(Reality held a gun to my head while I wrote this post. I had no choice.)

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Offline yor_on

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« Reply #19 on: 06/12/2010 17:19:24 »
Of course we all have a will, but if it's a free one? As so many pointed out here it's constricted by circumstances, and when taken to its limit pointless. What would you call being give a choice of how to die, it's 'free will' but for a healthy, reasonably happy human, not a especially engaging spectrum of choices.

But as a theory I would say, sure we all have a 'free will'. We even surprise ourselves with it sometimes :)
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Offline Bill S

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« Reply #20 on: 07/12/2010 21:34:57 »
Quote from: ArkAngel
Free Will would imply that we generate new information all the time...

The information we generate may be new to us, but can we be sure it is new to the Universe.  Might we not just be recycling information?

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Offline CliffordK

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« Reply #21 on: 08/12/2010 01:50:04 »
Quote from: ArkAngel
Free Will would imply that we generate new information all the time...

The information we generate may be new to us, but can we be sure it is new to the Universe.  Might we not just be recycling information?
I would have to say that we are taking old information and combining it in new ways...  and thus creating new information, or successive generations of new information.

Modern computers wouldn't exist without the Eniac, and the Apple II and the TRS-80's and the Commodore PETS, and CPM.

But, had all the information to build today's microcomputers existed in the 1940's...  wouldn't people have just stared with a 2010 laptop rather than the Eniac?

Certainly humanity has forgotten many things.  We're still trying to figure out whether the Ancient Egyptians had access to technology that has been forgotten for thousands of years.  But, if we discover the secrets behind an ancient Druid anti-gravity device...  it still might be a "new" discovery.

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Offline CPT ArkAngel

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« Reply #22 on: 08/12/2010 03:50:05 »
The way i see it, no, unless we have no free will. Free will imply that we are a source of information that violates the Entropy Principle and the Information Principle. For Life, it seems to be the case regarding the Entropy Principle. If your will depend entirely on information of the material universe, it is not free. It may be the case, but i hope not because we would be like puppets in a strange freak show...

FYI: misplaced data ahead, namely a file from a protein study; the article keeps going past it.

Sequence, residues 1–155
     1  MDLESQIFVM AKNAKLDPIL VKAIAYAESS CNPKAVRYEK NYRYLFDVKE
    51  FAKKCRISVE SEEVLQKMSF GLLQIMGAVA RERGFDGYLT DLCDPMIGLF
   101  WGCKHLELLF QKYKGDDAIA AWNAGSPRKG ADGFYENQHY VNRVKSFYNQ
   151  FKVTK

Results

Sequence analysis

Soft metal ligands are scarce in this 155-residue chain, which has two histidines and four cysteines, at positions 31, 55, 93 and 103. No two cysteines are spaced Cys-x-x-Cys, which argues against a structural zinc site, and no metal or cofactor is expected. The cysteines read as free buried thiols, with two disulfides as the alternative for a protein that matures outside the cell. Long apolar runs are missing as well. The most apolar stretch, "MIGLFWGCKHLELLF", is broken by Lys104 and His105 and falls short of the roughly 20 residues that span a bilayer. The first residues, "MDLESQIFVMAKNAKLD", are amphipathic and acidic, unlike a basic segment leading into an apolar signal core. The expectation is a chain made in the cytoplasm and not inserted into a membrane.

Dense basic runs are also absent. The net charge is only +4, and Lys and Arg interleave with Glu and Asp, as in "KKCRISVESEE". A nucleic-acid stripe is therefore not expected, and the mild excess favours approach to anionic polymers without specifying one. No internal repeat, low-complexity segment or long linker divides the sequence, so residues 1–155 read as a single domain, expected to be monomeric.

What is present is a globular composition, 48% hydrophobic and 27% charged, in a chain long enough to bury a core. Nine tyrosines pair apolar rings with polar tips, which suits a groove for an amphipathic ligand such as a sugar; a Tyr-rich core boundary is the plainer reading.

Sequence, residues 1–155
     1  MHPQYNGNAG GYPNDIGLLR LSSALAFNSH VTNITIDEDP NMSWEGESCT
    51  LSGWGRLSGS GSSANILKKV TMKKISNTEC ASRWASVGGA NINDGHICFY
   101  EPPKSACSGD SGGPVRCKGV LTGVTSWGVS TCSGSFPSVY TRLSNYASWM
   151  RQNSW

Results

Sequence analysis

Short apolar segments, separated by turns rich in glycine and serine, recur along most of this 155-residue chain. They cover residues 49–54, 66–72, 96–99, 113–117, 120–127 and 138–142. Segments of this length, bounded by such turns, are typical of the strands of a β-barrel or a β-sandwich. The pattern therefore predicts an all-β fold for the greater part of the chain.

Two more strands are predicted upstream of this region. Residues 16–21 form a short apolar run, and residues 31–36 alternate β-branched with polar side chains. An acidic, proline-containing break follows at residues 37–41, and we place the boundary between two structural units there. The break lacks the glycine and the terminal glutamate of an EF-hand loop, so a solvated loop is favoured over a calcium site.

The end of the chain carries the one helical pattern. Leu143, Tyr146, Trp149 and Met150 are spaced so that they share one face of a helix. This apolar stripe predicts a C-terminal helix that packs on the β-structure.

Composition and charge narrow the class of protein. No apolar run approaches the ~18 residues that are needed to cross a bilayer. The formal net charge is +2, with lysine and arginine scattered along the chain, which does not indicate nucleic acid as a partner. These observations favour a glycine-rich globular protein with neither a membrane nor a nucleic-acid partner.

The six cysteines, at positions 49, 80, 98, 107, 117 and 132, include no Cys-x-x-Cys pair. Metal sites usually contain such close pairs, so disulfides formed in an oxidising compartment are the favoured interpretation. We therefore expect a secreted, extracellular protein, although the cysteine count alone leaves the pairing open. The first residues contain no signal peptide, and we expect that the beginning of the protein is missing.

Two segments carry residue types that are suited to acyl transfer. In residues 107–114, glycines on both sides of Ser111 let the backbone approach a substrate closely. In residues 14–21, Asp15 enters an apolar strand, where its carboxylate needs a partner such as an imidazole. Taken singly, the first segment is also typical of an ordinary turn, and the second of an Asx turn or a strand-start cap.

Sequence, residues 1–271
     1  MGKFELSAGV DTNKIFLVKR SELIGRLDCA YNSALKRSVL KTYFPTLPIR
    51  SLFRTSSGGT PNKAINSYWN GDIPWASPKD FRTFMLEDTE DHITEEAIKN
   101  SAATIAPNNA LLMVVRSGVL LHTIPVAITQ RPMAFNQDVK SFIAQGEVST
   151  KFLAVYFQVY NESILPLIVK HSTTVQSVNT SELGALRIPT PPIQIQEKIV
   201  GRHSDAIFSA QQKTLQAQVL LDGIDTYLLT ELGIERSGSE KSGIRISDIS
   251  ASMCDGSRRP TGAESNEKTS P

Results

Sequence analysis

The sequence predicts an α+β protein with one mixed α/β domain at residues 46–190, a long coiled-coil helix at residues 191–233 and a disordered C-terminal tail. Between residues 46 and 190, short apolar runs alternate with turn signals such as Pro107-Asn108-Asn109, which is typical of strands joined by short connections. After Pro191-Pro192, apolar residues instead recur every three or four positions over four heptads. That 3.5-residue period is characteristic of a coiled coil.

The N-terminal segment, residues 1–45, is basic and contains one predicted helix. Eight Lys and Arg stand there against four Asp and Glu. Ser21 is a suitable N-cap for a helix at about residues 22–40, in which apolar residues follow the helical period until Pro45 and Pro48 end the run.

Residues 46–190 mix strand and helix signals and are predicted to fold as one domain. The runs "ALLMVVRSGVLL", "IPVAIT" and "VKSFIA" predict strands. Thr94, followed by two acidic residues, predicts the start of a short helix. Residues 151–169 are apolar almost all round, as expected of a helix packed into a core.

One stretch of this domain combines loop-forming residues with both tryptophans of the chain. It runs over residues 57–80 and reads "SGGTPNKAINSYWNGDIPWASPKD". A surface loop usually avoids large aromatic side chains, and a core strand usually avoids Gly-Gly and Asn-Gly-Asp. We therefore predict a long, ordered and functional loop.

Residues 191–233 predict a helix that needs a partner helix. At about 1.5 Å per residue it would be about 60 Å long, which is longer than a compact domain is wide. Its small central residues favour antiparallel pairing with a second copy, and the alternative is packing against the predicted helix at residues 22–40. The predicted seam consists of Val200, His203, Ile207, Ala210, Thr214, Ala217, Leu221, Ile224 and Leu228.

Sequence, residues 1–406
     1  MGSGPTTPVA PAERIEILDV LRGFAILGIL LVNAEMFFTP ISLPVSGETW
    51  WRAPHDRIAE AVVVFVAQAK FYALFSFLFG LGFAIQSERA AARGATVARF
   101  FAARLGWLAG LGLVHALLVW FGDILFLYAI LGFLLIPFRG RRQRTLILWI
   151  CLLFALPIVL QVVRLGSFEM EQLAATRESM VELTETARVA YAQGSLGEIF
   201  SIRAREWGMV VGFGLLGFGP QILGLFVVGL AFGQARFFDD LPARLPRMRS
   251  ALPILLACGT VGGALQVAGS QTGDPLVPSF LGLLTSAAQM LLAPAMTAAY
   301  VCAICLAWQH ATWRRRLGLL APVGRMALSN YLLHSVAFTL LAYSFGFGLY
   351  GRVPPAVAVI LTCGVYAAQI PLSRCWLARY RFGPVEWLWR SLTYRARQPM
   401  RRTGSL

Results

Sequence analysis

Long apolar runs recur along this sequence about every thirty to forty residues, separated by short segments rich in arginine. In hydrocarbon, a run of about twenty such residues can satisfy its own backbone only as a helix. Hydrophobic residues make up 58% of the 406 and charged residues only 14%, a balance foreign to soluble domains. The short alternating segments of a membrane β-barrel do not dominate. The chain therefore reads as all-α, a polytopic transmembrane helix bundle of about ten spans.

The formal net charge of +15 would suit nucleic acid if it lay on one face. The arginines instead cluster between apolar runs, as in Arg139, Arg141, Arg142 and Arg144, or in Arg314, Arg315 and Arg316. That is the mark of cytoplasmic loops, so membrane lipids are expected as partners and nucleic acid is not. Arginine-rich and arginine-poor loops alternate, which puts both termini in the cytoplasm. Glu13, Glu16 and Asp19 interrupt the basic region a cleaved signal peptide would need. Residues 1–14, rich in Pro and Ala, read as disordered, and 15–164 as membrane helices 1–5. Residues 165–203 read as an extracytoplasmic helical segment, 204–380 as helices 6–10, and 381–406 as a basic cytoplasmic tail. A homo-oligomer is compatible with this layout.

What about the Information Principle if the universe is infinite?
« Last Edit: 08/12/2010 03:55:27 by CPT ArkAngel »

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Offline Ellingtonlong

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« Reply #23 on: 11/12/2010 06:40:18 »
Yes is the simple answer it does. However, I like the fact that it does. We do have free will, but what the whole Hell and Heaven thing is to teach us that in the long run, if you do something bad to someone, something will be bad to you. Basically it's the same as karma.

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« Last Edit: 11/12/2010 07:01:24 by Geezer »

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Offline Bill S

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« Reply #24 on: 11/12/2010 14:40:17 »
Quote from: ArkAngel
What about the Information Principle if the universe is infinite?

An infinite cosmos does, at first glance seem to militate against free will, but this may not be the case if free will is relative. 
Here is an extract from some notes I made while I was trying to sort out my ideas about infinity.

Consider the following possibility.  The cosmos is infinite; therefore every part of the cosmos is the cosmos.  Everything, including our apparently finite Universe, is infinite.  The birth of the Universe and perhaps its ultimate death exist together in infinity, along with all the things that “happen” between those two points.  It is all there, in eternity, in an all-embracing now.  We perceive spatial differences, and the passage of time, because our minds need to make sense of the partial image to which we are restricted.  This sounds like a recipe for predestination, but I am not suggesting that we should abdicate all responsibility for our actions; far from it.  In eternity, things are as they are, permanently.  However, we cannot entirely rule out the possibility that they are as they are, to some extent, because of the choices we seem to be making now.

I think that what I was trying to get at here is that we have free will within our frame of reference, and, in this instance, that F of R is our Universe.

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Offline Bill S

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« Reply #25 on: 25/12/2010 20:55:57 »
Is this proof that we have free will?

I posted something which many people would find ridiculous, but which everyone has chosen to ignore. 

Free choice, free will, you saw it here.  [8D]

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SteveFish

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« Reply #26 on: 25/12/2010 23:31:34 »